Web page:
Multiple Airlines In South Africa Forced To Ground Aircraft

Regulators in South Africa have forced some carriers in the region to ground parts of their fleet. The move has come after an audit conducted by maintenance firm South African Airways Technical.

African Airways Airbus A340-200
South African Airways is one of the carriers that have been ordered to ground some of its fleet. Photo: MJQH via Wikimedia Commons

Key carriers

Two of the carriers that have been impacted by the order are South African Airways (SAA) and Comair. Flight Global reports that the regulators took action on the firms after irregular findings.

In response, South African Airways has been preparing to operate an amended schedule following the recall of the aircraft involved. The airliners are being now being inspected for complicated verification.

The airline shared that services at Cape Town, Johannesburg and Durban have been canceled today. These flights were due to be served by Airbus A320s according to SAA’s schedule. Therefore, the carrier will instead accommodate passengers on other services with larger jets.

Kulula
Kulula is a brand that is operated by Comair. Photo: Alan Wilson via Flickr

Necessary procedure

Despite the inconvenience, SAA says that the inspection is a necessary exercise to make sure that safety compliance is met.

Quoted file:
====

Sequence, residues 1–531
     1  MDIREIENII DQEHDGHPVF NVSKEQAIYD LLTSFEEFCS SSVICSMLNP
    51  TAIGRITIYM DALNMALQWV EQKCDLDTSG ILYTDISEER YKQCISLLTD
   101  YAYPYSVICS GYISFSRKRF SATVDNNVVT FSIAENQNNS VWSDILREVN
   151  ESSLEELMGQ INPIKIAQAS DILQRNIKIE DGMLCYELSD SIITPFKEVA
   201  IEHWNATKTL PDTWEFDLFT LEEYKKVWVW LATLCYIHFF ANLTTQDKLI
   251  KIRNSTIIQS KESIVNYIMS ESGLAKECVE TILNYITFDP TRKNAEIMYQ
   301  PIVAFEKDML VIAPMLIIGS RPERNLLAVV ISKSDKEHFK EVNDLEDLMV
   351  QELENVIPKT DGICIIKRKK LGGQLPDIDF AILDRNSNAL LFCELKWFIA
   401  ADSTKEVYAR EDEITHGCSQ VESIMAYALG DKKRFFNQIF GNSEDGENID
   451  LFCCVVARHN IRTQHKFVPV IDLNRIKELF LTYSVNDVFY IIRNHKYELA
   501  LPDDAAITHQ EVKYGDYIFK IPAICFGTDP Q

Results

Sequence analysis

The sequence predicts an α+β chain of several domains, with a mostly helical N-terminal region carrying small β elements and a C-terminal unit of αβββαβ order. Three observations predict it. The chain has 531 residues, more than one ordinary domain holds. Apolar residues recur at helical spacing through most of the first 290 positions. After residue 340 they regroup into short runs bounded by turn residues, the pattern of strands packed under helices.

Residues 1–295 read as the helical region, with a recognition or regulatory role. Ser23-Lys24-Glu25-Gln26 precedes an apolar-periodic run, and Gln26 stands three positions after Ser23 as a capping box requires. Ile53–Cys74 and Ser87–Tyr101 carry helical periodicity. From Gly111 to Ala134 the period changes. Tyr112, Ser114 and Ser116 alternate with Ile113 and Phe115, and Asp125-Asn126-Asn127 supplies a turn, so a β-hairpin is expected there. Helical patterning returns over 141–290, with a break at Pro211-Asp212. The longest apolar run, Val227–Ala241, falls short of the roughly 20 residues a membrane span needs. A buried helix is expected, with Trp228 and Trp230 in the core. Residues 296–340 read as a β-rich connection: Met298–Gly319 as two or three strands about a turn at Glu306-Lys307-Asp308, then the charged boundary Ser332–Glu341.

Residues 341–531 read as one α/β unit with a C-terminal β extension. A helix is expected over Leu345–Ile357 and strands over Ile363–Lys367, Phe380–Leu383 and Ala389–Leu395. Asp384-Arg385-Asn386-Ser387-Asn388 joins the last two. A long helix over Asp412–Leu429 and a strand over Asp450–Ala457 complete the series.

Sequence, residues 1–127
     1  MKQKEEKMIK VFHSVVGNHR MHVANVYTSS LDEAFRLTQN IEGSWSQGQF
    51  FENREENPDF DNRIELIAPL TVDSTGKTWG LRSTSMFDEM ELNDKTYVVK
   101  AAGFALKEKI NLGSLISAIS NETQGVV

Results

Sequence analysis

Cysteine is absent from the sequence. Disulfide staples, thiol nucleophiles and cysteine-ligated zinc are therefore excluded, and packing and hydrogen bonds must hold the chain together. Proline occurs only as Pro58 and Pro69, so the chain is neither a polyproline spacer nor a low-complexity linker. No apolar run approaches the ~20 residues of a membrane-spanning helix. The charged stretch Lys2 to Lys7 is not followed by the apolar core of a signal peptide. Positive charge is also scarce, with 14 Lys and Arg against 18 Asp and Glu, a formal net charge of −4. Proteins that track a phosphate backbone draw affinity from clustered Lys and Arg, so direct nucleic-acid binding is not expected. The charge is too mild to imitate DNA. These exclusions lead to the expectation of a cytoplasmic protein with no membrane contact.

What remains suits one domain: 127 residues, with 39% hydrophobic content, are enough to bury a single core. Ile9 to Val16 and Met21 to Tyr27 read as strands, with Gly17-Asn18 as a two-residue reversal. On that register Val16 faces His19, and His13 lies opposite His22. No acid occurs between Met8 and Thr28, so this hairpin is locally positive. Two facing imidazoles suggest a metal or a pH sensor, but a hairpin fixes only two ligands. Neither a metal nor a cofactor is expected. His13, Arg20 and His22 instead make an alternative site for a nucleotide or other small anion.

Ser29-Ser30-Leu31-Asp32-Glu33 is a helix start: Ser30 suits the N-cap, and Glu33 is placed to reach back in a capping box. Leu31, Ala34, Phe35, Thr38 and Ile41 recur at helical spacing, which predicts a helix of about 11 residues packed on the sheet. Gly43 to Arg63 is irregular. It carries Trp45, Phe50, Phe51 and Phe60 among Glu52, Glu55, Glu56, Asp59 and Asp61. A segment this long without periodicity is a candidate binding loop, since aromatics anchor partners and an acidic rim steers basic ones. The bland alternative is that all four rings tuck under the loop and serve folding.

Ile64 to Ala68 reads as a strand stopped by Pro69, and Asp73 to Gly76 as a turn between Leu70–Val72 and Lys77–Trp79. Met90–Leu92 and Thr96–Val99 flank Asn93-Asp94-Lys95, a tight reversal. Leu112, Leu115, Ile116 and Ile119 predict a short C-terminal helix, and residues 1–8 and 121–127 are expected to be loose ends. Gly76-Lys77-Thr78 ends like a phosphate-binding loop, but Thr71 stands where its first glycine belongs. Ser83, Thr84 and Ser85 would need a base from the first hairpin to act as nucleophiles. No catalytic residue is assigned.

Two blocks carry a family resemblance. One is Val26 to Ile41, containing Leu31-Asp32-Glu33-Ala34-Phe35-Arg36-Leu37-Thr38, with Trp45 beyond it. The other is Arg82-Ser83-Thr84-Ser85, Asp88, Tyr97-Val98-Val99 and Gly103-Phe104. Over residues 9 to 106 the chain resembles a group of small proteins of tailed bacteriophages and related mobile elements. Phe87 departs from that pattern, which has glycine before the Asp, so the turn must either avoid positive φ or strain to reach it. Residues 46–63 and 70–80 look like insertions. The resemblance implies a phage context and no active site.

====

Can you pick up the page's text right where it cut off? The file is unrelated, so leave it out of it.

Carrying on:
“SAA understands that the inspection conducted by SACAA was in accordance with its regulations and a necessary exercise to ensure compliance and safety,” said an SAA spokesperson, as reported by Reuters.

Meanwhile, Comair states that its affected aircraft were grounded until the necessary corrections have taken place. Comair partner with British Airways’ South African franchise and operates on its behalf. The company also operates under its own brand of Kulula. All of Comair’s brands operate with Boeing 737s and the group has said that a says that contingency plan had been put in place to minimize disruption.

Mango Airlines has also been implicated in the groundings. The low-cost carrier is a subsidiary of SAA, meaning that some of its aircraft are under investigation as part of the order.

BA (Comair) B737
Comair operate on behalf of British Airways in South Africa. Photo: Bob Adams via Wikimedia Commons

Busy at work

These airlines will be eager to get the affected planes off the ground as soon as possible. Subsequently, there already looks to be some progress made in restoring some services. Comair made an update today, stating that some of its grounded aircraft have already been put back into action.

“We can confirm that four of the affected aircraft have been released back into service and we are expecting the full fleet to be back in operation by tomorrow morning,” a Comair statement read, shared by The South African.

“The flight schedule has been amended for today and we are working tirelessly to normalise the schedule and minimise disruption for our customers.”

Simple Flying reached out to the airlines involved in the groundings but had not heard back before publication. We will update the article with any further announcements.

What do you think about these investigations and the airlines that have been impacted? Let us know your thoughts in the comment section.

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